NEAR mission science team members have concluded that the majority of the small features that make up the surface of asteroid Eros more likely came from an unrelenting bombardment from space debris than internal processes. Details of the research from NASA's Near Earth Asteroid Rendezvous mission were published April 20 in Science and are based on the NEAR Shoemaker spacecraft's Oct. 25-26, 2000, low-altitude flyover of asteroid Eros that brought the spacecraft to within about three miles of the surface of the asteroid.
"We think that impacts to the asteroid's surface have probably been the single most dominant process in shaping the surface texture of the asteroid," says NEAR project scientist Andrew Cheng of the Applied Physics Laboratory, which managed the mission for NASA. "We saw surface details such as regolith [surface dust and debris], craters and fields of small boulders in incredible detail. We also saw things that confound us, but we now have a more in-depth picture of Eros that will help us to decipher the asteroid's history."
During the flyover, simultaneous observations were taken by the spacecraft's multispectral imager and laser rangefinder over two tracks approximately one mile and two and a half miles long that showed objects the size of a doghouse at three to four times better resolution than previously obtained. The data revealed an inordinate number of small boulders, a saturation of large craters and a dearth of small ones, crater "ponds" and unknown erosion processes.
A vast number of large craters, 1,630 to 3,280 feet in diameter, have been imaged, but there is a surprising scarcity of boulders large enough to make such impacts. There are more than 100 times the number of 10- to 12-foot boulders than there are impact craters in this region. Some angular or slablike features were imaged that could indicate they are composed of stronger material than rounded objects. Some boulder clusters are thought to be fragments of a larger projectile that hit the asteroid.
The flyover also yielded evidence of an unusually low number of smaller craters. "There could be some unknown process, possibly something like seismic shaking following impacts, which is more likely on a small body such as Eros," says Joseph Veverka, of Cornell University, who heads the imaging team. Veverka says that other possibilities are processes that could erode or erase smaller craters such as micro-cratering, which is the pummeling of the surface by smaller objects, or thermal creep, which is the erosion of surface material through normal seasonal heating and cooling of the asteroid, that is eroding the smaller craters.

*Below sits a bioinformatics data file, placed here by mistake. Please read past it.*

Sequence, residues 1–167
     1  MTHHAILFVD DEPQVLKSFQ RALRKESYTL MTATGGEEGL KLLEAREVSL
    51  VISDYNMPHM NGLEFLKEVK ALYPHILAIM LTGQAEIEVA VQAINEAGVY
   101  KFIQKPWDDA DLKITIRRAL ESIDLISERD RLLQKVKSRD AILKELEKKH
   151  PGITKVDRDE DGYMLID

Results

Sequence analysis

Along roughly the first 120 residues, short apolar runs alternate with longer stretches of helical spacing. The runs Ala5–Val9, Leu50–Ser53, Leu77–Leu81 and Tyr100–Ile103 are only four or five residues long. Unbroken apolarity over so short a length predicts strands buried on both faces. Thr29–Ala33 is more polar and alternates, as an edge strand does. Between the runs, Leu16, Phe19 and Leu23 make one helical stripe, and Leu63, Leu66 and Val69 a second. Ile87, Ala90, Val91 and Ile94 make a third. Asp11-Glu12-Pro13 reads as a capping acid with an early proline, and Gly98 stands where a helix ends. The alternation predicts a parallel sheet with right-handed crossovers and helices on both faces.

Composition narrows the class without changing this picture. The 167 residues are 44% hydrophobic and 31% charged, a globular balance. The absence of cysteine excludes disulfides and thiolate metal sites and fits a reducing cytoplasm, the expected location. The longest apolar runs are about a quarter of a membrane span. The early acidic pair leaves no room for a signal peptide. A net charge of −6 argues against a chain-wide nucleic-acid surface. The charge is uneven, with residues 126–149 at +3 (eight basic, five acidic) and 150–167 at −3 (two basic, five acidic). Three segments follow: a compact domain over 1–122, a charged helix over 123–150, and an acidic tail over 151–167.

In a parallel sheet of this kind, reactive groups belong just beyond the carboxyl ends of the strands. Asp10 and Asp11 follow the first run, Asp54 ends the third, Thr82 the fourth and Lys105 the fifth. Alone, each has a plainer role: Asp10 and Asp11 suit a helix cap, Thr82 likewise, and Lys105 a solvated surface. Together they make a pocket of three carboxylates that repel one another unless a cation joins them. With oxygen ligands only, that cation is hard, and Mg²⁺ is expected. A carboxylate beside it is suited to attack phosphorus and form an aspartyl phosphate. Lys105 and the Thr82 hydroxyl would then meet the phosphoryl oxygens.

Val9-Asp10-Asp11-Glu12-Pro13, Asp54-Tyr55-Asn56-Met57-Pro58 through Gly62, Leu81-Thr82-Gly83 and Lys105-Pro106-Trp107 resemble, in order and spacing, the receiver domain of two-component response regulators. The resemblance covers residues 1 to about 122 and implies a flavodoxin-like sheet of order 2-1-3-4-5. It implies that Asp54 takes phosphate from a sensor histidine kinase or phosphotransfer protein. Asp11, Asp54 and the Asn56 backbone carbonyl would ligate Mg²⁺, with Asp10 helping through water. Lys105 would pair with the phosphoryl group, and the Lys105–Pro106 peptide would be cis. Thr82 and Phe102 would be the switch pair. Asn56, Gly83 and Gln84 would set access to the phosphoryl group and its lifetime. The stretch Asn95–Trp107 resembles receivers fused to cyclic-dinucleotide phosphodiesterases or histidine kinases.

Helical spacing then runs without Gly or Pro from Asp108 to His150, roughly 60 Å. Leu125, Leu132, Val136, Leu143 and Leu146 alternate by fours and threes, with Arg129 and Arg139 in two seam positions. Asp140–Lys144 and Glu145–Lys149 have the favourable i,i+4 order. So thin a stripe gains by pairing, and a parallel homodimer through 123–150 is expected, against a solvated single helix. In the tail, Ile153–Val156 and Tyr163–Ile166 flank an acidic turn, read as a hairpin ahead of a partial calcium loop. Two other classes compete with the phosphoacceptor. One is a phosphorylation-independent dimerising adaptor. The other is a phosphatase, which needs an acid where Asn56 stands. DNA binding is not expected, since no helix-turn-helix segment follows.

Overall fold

"We do know there is a substantial amount of regolith from erosion and impacts that is covering blocks [boulders] and craters possibly to a depth of several meters. So it could be that many smaller craters do exist, but they're buried under the regolith," Veverka says. "A thick covering of fine dust that prevents us from seeing what lies beneath might also be part of the answer to why the asteroid has little color variation. It is possible that parts of Eros are covered in regolith as deep as a 10-story building."
The data also revealed ponds--flat surfaces at the bottom of craters--formed by regolith deposits. These ponds are intriguing science team members because of their extremely smooth surfaces. "The smoothness indicates that there is an efficient process on Eros which is able to sort out the finest component of the regolith from the coarser, more blocky portion and concentrate this fine material into some low-lying areas such as crater bottoms," Veverka says.
Moreover, the laser altimeter found that ponded deposits are not only smooth but also extremely horizontal--level relative to local gravity--as if formed by fluidlike motions. Cheng says, "It is astonishing that the total dry regolith of an asteroid like Eros can apparently be mobilized like a fluid. There is no water on Eros, and there has not been any water, for billions of years. However, seismic shaking caused by impacts may be able to produce fluidized movement of regolith."
"Aprons" of debris at the base of some of the larger boulders indicate another phenomenon the researchers are studying: efficient erosion or disintegration of ejecta boulders--boulders forced out of a crater as the result of an impact--after they have landed on the surface. But scientists say they need to study higher resolution images to more definitively interpret the various forms of regolith that the low-altitude images have provided. "What causes this efficient disintegration remains a mystery," Veverka says, "but one we hope to solve over the coming months by studying the wealth of data that the NEAR mission has provided."
More information on the NEAR mission can be found at http://near.jhuapl.edu.